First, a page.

>>
>> I hope this is what you were asking for. If you need anything else
>> please
>> let me know.
>>
>> Cheers,
>>
>> Pete.

>
>

Reply With Quote
  #10 (permalink)  
Old 10-24-2003, 10:07 PM
Peter Molesworth
Guest
 
Posts: n/a
Default Re: Are clock and divided clock synchronous?

Matt,

In the two examples you provide below you are generating divided clocks on
dclk and then using this to clock registers in the design. This will mean
that there will be skew introduced between registers on the main clock
domain and registers on the dclk domain. This skew may become quite large
and cause problems. Also the synthesis tool will not be able to properly
optimize any logic that crosses between the two clock domains.

In the example I gave, all registers are clocked using the main global
clock. I achive the lower "clock" rate at the registers by using the
EnableDiv3 signal as a synchronous enable to the registers. This means
that there is not any excessive skew between register as they will all be
on the same low-skew clock net. The synthesis tool will be happy about
optimizing between registers passing between the fast and slow parts of
the design and to ensure the synthesis/place&route tools only optimize as
much as is required you can specify register-register paths in the low
speed parts of the design as multi cycle paths.

Cheers,

Pete.

On Fri, 24 Oct 2003 09:07:00 +0100, Matt North
<[email protected]_SPAMrl.ac.uk> wrote:

> I have always used a counter clocked on the global clk, and then used
> one of
> the signals
> that make up the counter's vector as my divided clk signal.
>
> e.g.
> signal cnt: std_logic_vector(7 downto 0);
>
> process(...)
> ....
> if rising_edge(clk) then
> cnt<=cnt+1;
> ....
> end;
> --divided clk
> dclk<=cnt(4);
>
> How does the above code differ in terms of reliability or good code
> practice
> too;
>
> signal n: integer;
>
> process(...)
> ....
> if rising_edge(clk) then
> if rst='0' or n=10 then
> n<=0;
> else
> n<=n+1;
> end if;
> end if;
> end process;
>
> d_clk<='0' when n<=5 else '1';
> ....
>
> Both produce divided clocks.
>
> Matt
>
> "Peter Molesworth" <[email protected]> wrote in message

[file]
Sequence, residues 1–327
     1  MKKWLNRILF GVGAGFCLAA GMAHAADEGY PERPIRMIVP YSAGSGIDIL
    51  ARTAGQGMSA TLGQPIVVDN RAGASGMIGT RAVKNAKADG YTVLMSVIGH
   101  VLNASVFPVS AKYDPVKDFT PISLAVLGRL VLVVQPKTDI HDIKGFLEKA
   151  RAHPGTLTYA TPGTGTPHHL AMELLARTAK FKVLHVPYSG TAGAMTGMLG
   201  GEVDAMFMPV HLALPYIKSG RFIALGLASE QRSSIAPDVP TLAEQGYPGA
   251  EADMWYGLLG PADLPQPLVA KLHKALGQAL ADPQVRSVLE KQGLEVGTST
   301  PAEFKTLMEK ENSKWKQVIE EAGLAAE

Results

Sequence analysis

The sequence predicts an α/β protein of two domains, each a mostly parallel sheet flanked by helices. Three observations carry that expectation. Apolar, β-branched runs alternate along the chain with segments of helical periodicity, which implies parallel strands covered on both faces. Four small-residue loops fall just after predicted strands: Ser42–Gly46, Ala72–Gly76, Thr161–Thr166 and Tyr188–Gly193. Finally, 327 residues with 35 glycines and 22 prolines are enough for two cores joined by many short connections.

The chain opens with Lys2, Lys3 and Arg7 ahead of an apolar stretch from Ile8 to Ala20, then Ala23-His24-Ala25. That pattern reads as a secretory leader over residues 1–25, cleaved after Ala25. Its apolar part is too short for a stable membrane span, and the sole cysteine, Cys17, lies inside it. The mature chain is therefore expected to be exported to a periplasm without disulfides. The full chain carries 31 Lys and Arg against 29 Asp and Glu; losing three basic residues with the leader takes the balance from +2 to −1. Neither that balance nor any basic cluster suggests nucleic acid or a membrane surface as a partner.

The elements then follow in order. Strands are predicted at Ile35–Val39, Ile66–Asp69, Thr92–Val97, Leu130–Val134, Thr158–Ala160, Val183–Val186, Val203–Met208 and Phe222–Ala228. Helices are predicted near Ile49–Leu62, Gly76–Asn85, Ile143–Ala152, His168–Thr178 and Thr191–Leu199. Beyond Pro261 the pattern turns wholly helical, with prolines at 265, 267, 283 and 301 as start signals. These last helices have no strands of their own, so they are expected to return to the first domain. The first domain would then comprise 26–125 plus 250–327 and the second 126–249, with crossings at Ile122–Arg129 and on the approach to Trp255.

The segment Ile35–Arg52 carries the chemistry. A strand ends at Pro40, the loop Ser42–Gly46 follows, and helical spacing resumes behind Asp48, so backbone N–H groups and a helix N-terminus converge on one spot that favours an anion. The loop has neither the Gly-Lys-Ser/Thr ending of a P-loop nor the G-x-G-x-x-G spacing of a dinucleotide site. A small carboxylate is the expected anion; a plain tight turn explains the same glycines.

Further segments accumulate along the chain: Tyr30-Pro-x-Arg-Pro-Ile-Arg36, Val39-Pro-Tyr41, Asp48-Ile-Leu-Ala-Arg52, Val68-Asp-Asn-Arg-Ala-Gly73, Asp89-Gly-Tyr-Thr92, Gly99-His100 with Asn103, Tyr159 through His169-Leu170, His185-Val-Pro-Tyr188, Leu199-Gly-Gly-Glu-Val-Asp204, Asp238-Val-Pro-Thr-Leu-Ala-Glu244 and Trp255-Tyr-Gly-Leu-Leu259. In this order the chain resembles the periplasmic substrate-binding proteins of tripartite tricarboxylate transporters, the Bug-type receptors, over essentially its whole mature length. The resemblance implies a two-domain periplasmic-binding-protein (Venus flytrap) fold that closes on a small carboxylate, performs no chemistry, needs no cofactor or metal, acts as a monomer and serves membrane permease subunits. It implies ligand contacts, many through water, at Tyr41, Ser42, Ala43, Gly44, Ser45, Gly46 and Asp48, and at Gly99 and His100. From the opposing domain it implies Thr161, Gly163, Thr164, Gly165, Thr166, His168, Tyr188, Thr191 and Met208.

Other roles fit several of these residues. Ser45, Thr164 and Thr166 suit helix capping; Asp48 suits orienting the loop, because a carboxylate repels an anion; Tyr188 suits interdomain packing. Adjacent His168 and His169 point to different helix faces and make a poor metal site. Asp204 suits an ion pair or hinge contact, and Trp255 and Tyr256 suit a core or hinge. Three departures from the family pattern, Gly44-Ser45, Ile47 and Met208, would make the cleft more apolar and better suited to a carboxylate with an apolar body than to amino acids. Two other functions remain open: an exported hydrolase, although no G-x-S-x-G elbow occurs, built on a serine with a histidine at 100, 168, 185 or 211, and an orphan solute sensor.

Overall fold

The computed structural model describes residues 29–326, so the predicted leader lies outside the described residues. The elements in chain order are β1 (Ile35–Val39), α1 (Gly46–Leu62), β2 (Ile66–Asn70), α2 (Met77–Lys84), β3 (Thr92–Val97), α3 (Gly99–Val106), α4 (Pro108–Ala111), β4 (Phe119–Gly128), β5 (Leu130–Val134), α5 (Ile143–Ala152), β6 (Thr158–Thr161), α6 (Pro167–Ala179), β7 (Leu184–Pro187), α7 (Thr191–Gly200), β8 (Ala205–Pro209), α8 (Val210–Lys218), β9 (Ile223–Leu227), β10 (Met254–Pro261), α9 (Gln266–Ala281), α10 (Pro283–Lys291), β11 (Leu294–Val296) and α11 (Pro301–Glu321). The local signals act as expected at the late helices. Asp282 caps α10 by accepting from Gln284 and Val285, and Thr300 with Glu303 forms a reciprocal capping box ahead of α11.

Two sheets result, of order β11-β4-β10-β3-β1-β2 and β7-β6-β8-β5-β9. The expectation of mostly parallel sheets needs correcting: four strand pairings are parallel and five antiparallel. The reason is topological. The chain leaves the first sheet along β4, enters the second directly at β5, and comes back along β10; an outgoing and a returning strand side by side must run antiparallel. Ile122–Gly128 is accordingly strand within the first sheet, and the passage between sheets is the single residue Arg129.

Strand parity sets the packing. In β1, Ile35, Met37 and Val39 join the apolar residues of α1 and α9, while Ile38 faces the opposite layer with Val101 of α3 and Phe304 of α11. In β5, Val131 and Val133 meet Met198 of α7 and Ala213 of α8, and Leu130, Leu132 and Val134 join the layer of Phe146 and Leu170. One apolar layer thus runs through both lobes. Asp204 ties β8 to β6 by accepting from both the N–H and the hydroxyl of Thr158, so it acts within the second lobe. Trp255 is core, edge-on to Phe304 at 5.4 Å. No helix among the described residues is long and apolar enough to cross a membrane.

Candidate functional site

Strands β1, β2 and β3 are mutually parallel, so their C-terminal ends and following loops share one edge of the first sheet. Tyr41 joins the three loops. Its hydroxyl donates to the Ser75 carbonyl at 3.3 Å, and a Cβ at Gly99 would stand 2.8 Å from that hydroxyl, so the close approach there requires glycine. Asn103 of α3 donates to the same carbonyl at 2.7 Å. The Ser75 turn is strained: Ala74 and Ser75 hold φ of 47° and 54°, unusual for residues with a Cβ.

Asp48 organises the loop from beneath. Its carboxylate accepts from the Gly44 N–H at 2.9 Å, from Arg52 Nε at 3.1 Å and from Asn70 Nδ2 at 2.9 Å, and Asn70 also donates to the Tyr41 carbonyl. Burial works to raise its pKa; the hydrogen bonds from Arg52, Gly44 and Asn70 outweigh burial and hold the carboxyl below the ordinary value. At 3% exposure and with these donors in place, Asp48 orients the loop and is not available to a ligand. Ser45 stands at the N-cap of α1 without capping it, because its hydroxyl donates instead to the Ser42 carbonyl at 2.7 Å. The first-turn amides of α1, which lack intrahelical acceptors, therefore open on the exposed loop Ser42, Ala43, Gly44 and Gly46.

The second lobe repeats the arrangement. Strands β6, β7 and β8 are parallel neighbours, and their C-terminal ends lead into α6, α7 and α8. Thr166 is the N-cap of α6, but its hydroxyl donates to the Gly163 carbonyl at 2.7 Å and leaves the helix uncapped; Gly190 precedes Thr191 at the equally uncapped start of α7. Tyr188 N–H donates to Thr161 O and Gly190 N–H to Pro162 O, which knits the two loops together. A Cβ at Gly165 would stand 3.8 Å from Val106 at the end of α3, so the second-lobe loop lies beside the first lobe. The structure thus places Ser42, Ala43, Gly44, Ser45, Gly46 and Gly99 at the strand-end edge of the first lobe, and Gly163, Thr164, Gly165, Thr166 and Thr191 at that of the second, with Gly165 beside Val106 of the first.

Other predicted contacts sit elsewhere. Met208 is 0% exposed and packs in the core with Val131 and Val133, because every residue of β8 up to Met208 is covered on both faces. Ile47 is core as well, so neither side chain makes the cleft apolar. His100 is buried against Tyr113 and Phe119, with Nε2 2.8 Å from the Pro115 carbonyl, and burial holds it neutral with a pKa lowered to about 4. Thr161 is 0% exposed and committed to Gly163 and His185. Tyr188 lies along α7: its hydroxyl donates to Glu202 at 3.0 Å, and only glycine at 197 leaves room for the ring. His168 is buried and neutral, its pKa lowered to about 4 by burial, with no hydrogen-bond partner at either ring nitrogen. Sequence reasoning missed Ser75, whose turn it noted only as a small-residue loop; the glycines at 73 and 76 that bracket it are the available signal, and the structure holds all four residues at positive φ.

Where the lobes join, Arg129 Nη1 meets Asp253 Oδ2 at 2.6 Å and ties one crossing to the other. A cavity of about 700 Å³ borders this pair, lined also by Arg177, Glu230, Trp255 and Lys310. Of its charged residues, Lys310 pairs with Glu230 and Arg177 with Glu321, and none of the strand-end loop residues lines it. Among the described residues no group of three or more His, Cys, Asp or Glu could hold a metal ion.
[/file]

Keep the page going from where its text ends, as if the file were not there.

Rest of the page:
> news[email protected]
>> > Divided clock seems synchronous to original clk in terms it is stable

>> on
>> > clk
>> > edage. On the other hand, synchronous signals should switch

> simultaneusly
>> > while divided signal is calculated on the clk egdage; hence, it

>> switches
>> > after Thold and the condition is not met. I understand principles of
>> > asynchronous communication. Should I treat divided clock as an
>> > asynchronous
>> > clock domain? Any references are appretiated.
>> >
>> >

>>
>> Valentin,
>>
>> For all but the simplest of designs divided clocks should be treated as
>> asynchronous and avoided if possible. There are several reasons for
>> this.
>>
>> 1) Your divided clock will have a small delay relative to the real
>> clock.
>> If you use this to clock a register which takes in a signal clocked from
>> the original clock domain it may be possible for the setup/hold to be
>> violated or data to be taken when it shouldn't have been (i.e a clock
>> early). I think you were implying this above.
>>
>> 2) If you have logic which works accross the two clock domains e.g. data
>> clocked from main clock domain goes through logic and is registed on
>> divided clock domain or vice-versa then the synthesis tool may have a
>> hard
>> time performing optimization on logic in that part of the design.
>>
>> 3) Unless you have spare high-speed global resources in your design and
>> the target technology allows the connection of a register output onto
>> these nets (most modern fpga's are okay with this!) then the divided
>> clock